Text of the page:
And as that Latin/Greek by association scholar, It is very hard for me to talk about this film without mentioning that Hercules has absolutely nothing to do with its source material. The story is not close to anything from mythology, the characters have completely different personalities, and the only recognizable aspect of them is the most basic element of their character is present. It is not necessarily a weakness, but it does bother me. It’s the most drastic change from any Disney adaption ever. Normally, the changes Disney makes doesn’t bother me, but since this is such a drastic altering, I dislike it.
In some cases, though, being closer to the source material would have helped the characters. This is true for Zeus for than anybody else. While Disney doesn’t have to go through with the full “Woman Chaser” aspect of the character, the somewhat mischievous personality of Zeus (one that comes out in the Fantasia version of the character) could have made a very fun character. And while the story is not bad as it is, I do wonder sometimes if a slightly altered, but more closely adapted version of an actual Greek tale would have made for a better film. I can’t say for sure, but I do think it would have made the film feel more focused.
The film puts a ton of comedic elements into the characters and stories, and honestly, the humor is 50/50 for me. Most of Hades stuff works, but Phil is much more hit and miss, his running gags getting old pretty quick, and the film does overboard on the modern-day references to the point that it gets distracting. Much of the time, the humor takes away from the momentum of the dramatic moments. Right when Hercules is having a heartfelt moment asking Zeus to help him discover himself, Zeus comes in and acts over the top. Right when Hercules and Meg have their moment, Phil comes in and acts over the top. Right when we have the great moment where the Titans start their destruction, Hades has a hilarious yet momentum killing moment. Hercules needed to have some emotional scenes that purely exist on their own.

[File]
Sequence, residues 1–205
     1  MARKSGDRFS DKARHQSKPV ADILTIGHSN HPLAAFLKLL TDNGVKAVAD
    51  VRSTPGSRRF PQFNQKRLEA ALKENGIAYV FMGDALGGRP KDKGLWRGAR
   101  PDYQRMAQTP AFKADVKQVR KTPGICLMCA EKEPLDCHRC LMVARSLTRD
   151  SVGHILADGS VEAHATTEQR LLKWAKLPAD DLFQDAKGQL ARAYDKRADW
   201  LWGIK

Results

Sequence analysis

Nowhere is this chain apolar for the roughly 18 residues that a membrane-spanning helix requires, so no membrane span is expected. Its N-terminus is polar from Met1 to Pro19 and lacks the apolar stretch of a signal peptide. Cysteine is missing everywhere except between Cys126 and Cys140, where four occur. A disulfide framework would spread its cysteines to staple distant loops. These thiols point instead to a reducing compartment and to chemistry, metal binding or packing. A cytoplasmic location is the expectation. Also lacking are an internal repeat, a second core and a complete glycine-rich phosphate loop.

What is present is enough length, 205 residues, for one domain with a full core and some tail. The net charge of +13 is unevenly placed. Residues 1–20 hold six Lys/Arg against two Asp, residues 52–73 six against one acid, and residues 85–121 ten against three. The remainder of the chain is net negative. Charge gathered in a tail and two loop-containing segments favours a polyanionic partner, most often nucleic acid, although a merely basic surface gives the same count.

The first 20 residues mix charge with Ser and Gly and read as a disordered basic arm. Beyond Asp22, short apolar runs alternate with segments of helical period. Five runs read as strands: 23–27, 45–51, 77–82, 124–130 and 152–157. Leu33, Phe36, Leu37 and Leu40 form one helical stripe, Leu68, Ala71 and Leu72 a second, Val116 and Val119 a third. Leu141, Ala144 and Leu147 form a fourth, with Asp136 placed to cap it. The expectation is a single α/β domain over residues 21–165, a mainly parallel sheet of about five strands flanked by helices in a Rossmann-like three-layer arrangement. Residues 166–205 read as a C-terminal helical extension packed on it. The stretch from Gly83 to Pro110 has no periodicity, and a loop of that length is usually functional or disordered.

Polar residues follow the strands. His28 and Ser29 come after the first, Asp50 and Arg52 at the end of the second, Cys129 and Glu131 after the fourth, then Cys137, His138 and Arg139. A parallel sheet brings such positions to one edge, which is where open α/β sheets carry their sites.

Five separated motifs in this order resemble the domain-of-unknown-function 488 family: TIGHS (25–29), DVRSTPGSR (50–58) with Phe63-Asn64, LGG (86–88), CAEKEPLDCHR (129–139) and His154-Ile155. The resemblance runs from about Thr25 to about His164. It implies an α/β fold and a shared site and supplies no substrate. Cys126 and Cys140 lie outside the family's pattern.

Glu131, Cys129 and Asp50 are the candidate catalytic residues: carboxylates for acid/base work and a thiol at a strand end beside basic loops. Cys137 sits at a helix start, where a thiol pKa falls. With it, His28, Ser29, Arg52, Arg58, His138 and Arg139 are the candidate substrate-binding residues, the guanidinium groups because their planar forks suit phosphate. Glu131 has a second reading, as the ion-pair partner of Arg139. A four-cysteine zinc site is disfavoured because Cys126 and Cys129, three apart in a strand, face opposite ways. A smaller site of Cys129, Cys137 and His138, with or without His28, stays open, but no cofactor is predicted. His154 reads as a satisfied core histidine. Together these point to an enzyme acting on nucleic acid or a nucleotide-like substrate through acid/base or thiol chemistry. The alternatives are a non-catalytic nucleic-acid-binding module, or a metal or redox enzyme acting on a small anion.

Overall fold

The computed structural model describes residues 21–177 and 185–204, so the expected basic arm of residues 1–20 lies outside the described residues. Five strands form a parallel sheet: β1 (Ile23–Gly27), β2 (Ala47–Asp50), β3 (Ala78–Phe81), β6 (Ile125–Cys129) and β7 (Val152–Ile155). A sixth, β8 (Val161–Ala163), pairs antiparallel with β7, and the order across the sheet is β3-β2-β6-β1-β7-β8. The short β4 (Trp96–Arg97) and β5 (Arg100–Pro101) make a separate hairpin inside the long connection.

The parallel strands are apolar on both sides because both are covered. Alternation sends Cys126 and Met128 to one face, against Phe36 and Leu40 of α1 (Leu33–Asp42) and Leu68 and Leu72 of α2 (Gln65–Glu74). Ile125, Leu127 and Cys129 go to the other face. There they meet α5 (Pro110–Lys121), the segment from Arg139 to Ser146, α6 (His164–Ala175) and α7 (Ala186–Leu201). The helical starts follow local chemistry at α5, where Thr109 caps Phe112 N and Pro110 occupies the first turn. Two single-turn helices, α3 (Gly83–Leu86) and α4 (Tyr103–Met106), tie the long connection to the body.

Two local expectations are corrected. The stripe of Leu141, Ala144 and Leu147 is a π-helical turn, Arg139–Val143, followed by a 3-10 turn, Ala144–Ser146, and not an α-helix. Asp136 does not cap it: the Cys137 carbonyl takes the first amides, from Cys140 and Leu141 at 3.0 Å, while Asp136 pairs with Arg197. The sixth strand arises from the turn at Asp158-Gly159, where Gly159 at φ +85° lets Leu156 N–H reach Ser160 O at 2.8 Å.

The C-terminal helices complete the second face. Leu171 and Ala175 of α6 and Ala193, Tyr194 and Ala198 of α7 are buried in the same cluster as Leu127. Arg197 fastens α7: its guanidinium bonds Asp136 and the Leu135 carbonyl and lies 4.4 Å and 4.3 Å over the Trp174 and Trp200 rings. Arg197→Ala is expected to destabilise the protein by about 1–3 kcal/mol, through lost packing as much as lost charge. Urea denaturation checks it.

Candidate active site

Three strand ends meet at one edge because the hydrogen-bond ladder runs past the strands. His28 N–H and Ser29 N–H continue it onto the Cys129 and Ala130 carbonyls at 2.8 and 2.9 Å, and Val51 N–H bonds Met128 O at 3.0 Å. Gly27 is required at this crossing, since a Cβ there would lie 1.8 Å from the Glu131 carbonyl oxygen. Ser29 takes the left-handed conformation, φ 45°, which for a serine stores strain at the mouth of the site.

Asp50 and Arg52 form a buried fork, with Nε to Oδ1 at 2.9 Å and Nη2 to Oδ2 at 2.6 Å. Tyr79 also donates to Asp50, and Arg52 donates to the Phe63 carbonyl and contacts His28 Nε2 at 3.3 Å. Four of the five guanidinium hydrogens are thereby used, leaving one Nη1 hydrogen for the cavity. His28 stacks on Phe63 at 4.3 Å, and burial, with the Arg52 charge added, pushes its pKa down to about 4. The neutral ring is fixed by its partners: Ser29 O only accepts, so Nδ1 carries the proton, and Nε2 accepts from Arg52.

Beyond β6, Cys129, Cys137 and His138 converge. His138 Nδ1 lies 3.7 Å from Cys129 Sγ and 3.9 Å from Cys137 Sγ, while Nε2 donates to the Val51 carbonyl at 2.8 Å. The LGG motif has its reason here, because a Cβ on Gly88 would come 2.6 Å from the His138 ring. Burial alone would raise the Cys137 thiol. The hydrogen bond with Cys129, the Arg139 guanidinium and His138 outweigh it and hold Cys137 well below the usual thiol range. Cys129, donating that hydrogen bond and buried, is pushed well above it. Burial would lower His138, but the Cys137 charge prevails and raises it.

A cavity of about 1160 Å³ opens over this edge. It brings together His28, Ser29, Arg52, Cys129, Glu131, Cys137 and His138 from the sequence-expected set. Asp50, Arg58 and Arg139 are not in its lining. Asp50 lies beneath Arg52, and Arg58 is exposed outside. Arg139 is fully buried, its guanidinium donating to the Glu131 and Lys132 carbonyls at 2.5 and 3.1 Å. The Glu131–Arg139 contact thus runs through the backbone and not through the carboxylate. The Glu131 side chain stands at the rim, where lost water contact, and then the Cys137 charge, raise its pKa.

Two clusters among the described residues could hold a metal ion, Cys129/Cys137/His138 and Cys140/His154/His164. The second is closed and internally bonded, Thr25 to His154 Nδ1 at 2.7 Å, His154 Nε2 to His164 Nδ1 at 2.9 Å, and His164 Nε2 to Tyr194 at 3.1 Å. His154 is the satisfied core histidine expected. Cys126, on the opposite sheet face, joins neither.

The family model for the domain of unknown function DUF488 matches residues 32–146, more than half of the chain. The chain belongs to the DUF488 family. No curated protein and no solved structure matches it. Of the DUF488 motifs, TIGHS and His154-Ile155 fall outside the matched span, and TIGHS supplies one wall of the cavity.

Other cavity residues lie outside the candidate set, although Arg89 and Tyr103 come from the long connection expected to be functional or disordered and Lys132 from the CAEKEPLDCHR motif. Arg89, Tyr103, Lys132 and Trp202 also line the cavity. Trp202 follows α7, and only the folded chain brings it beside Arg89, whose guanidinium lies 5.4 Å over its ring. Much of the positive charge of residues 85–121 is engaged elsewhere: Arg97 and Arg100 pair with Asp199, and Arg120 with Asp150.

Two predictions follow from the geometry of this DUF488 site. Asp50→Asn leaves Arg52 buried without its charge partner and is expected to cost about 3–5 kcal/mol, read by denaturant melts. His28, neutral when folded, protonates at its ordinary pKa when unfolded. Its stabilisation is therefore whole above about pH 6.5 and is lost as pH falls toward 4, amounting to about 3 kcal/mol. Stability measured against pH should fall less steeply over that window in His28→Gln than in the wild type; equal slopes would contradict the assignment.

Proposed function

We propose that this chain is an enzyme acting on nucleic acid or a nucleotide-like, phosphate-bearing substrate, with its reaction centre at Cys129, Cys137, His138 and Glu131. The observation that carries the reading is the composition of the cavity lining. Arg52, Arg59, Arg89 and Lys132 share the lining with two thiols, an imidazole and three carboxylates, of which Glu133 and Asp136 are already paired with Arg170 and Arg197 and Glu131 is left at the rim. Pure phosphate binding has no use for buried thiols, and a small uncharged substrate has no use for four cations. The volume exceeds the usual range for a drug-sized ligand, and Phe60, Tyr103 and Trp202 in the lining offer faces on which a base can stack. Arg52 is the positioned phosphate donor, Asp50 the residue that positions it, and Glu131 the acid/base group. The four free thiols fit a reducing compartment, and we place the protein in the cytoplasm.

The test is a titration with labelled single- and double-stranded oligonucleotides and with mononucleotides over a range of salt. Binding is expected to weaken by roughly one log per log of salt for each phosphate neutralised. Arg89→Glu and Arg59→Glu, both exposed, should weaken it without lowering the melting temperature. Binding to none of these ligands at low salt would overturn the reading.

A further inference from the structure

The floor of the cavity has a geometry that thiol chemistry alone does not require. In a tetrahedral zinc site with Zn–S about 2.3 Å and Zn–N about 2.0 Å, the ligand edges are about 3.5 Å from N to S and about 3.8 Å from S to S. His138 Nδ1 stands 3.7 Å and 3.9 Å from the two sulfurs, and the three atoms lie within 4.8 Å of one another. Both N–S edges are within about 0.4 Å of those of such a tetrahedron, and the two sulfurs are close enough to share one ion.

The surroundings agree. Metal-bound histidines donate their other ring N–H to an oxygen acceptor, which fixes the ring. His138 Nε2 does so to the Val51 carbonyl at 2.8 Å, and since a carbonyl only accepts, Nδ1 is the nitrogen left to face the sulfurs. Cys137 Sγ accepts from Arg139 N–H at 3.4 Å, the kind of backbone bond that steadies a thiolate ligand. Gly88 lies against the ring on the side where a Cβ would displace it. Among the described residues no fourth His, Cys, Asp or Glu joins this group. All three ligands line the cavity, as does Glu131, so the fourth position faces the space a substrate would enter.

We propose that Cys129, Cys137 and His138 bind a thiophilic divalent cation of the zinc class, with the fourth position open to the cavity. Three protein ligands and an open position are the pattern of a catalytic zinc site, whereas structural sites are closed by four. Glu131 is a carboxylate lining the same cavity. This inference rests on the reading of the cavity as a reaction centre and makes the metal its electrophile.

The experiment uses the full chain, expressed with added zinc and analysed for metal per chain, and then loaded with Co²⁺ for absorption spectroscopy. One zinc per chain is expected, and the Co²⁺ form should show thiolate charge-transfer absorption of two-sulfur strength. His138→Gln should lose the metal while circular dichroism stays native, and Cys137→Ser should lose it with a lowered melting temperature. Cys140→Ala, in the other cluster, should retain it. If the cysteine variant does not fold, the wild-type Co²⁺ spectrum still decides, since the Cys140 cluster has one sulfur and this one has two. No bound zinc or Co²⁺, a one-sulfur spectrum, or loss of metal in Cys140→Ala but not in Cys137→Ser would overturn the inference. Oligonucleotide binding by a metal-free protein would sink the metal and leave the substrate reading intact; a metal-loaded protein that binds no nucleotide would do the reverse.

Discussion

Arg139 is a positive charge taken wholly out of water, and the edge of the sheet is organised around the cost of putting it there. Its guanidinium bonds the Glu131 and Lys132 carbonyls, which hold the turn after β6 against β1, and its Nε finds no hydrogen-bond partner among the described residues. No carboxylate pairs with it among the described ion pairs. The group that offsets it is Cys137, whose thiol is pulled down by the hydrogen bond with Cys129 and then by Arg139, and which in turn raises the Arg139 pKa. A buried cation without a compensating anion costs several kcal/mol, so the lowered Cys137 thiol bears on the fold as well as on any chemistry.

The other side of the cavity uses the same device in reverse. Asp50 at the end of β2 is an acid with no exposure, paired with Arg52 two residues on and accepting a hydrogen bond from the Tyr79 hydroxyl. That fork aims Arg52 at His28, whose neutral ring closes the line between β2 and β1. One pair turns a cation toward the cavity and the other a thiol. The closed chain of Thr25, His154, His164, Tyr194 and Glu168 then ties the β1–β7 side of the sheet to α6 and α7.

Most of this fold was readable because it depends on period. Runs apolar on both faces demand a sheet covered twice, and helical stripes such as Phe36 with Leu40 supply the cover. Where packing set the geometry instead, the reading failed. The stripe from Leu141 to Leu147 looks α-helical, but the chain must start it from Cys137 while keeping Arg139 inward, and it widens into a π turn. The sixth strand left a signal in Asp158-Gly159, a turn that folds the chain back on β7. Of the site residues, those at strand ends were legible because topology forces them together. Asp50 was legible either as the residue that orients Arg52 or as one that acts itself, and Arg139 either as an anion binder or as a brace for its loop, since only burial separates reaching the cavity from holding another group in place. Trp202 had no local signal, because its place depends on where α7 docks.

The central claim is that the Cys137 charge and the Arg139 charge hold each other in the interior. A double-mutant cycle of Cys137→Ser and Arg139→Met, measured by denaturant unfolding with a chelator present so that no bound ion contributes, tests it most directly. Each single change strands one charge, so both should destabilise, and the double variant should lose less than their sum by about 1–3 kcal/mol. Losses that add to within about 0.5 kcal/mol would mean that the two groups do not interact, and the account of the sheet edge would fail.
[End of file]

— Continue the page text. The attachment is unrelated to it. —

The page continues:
What this film really lacks is a good straight man to reign in the insanity, which is something that other Disney Comedies do extremely well. Just as Aladdin reigns in The Genie and Pacha reigns in Kuzco, the film needed a character to reign in Phil, Hades, and the other crazy characters. Hercules is set up to fulfill this role, but I don’t believe he is the right choice, since the cocky nature of his young character requires him to have his over the top moments. He is the closest the film gets to what is needed, but as I begin to wonder again, I wonder what would have happened if Phil would have been toned down and made the straight man.
Finally, I really don’t like this soundtrack. Having the Muses be a gospel choir makes very little sense to me, and I just dislike that style for this movie and for the songs. “The Gospel Truth” is not a very good opening number. “Go the Distance” is the only song in Disney history where not only do I like the short reprise better, but I also like the credits version better. And while I like the visuals in “One Last Hope” and “Zero to Hero” the songs never really click for me.
BEST MOMENT AND SONG
There is one song in the movie I do enjoy. and it is “I Won’t Say I’m in Love.” I feel that it is the only song in the film that uses the Muses effectively, and I like how it is different from that traditional Disney Love song.
The best moment to me is the Hydra fight. There is no other moment I remember better from this film, and no other moment I think is as iconic. Though I notice Hercules was unable to GET UP ON THE HYDRA’S BACK. (Cookie if you get that reference.)
As I mentioned at the beginning, the rankings for these next couple of films changed many times during this process. Indeed, Hercules was close to getting a higher rating, due to some genuinely funny moments, characters, and some great arcs and relationships. However, it does have a weak soundtrack and some momentum killing moments, which ultimately puts it in the 35 spot.